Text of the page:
You’ll likely need to establish a phone answering protocol and train your employees in how to represent your company using this protocol. Make sure that existing employees are happy to answer the phone if it was not part of their original job description. If your team is also struggling to get work done because of the number of phone calls coming in, you may want to explore other options, such as a dedicated employee, which we discuss next.

A designated in-house receptionist

If you get a lot of phone calls, you could hire an employee whose sole responsibility is to answer the phone. This takes the pressure off of you and your team, plus you can hire someone qualified for the role who you know will handle phone calls professionally. You still need to spend time training them to ensure they present a positive brand image and can answer basic questions about your business or know who should handle a specific call.

An in-house receptionist is a big expense, as you incur not only salary expenses but costs for benefits and office space appropriate for their role. If your phone isn’t ringing enough to warrant a full-time position (although you may delegate other job duties to them, such as handling emails or basic admin tasks), you’re wasting money better used to support other aspects of your business. If your receptionist is swamped by phone calls, you could consider hiring a second receptionist or sharing some of the phone calls with you and your team.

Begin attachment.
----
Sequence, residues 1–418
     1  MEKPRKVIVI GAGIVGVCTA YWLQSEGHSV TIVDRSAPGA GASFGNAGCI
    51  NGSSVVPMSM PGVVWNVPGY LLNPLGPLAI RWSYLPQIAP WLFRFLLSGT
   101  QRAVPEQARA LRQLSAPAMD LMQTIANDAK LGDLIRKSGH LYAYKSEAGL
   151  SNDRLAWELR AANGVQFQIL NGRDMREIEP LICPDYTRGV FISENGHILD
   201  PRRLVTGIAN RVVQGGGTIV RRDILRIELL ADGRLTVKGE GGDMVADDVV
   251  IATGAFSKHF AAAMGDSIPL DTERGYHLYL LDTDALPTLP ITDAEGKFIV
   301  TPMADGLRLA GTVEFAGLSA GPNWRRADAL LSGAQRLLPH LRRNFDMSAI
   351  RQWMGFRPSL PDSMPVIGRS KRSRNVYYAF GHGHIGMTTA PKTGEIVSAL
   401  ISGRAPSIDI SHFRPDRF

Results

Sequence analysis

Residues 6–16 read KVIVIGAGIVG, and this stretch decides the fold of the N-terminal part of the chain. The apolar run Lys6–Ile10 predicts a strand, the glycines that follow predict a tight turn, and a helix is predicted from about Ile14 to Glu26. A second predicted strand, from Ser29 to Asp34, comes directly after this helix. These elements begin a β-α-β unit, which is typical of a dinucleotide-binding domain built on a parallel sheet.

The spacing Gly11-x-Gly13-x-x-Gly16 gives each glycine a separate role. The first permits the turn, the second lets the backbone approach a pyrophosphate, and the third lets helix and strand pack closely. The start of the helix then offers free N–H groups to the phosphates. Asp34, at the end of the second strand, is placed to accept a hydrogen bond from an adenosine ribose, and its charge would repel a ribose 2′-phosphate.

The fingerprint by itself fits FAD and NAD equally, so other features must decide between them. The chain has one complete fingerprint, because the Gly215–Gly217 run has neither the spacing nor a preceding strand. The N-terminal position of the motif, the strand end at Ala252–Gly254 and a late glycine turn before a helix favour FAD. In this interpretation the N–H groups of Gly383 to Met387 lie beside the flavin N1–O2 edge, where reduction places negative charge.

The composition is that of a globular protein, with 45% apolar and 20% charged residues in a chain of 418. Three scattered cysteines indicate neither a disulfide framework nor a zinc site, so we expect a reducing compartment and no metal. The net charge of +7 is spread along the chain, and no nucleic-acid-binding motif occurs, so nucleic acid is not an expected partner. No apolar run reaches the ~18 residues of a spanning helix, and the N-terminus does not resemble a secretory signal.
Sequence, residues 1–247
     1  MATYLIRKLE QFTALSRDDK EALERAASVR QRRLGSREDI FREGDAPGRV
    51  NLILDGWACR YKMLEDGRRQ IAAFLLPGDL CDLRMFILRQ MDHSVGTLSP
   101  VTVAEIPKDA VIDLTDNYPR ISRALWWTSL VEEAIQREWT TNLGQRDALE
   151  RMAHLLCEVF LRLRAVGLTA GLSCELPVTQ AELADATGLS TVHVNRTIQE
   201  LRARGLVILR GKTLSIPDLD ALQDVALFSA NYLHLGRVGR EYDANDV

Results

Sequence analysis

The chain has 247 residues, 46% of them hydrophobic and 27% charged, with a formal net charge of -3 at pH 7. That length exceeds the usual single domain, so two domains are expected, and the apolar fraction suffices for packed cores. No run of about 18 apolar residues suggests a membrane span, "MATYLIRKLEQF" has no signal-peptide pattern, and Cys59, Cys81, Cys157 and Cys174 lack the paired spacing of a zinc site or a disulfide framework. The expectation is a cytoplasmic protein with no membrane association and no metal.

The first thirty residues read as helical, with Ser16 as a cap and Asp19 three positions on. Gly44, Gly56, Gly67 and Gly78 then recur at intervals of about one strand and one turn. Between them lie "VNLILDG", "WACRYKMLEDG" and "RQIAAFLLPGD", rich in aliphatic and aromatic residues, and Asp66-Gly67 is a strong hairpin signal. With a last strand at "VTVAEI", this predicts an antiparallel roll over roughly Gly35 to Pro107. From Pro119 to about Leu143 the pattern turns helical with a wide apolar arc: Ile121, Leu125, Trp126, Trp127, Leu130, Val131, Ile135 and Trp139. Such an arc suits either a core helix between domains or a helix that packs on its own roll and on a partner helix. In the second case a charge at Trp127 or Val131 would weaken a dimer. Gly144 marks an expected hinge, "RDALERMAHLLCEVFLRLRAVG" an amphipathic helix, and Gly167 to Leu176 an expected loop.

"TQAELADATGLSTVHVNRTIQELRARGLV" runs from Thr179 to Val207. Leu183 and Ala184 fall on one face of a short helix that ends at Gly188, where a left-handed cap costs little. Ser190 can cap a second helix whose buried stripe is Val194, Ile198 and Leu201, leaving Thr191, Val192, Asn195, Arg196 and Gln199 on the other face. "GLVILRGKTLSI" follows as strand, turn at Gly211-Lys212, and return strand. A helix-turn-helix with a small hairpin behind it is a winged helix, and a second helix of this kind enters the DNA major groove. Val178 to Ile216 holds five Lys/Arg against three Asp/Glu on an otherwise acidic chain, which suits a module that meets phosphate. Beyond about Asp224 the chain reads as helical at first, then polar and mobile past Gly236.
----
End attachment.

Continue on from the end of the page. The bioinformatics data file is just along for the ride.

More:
A virtual receptionist

Another option is to outsource your phone needs to a virtual receptionist or phone answering company. This involves hiring a firm specializing in phone answering or hiring a gig worker to take care of calls. Some of these companies operate around the clock so that your phone calls get to a person no matter when the call comes in. While virtual receptionist pricing varies, it is often a lot cheaper than hiring an in-house receptionist, since the costs are spread among several different companies.

Of course, you need your outsourced receptionist can handle the types of calls you receive – if callers are looking for specialist advice or information that requires a trained individual, you may want to keep phone answering in-house or use the receptionist to direct calls to the appropriate individual.

An automated receptionist

An automated receptionist is another option for answering your phone. An automated receptionist involves using a pre-recorded or digital voice to handle calls. These systems became popular in the ’80s as technology advanced to the point where a digital receptionist can handle call forwarding or take messages. However, these systems generate a negative image when they involve lengthy daisy chains to get to the right person.

While many companies use automated receptionists, they tend to simply direct people to the right department or operator. It’s unwise to use an automated receptionist to handle entire calls – most callers feel more comfortable talking to a human and programming an automated receptionist to proficiently handle more complex calls is pretty much impossible given the number of ways a phone call can go. Instead, companies default to online chatbots where the combination of artificial intelligence and machine learning handle queries more efficiently.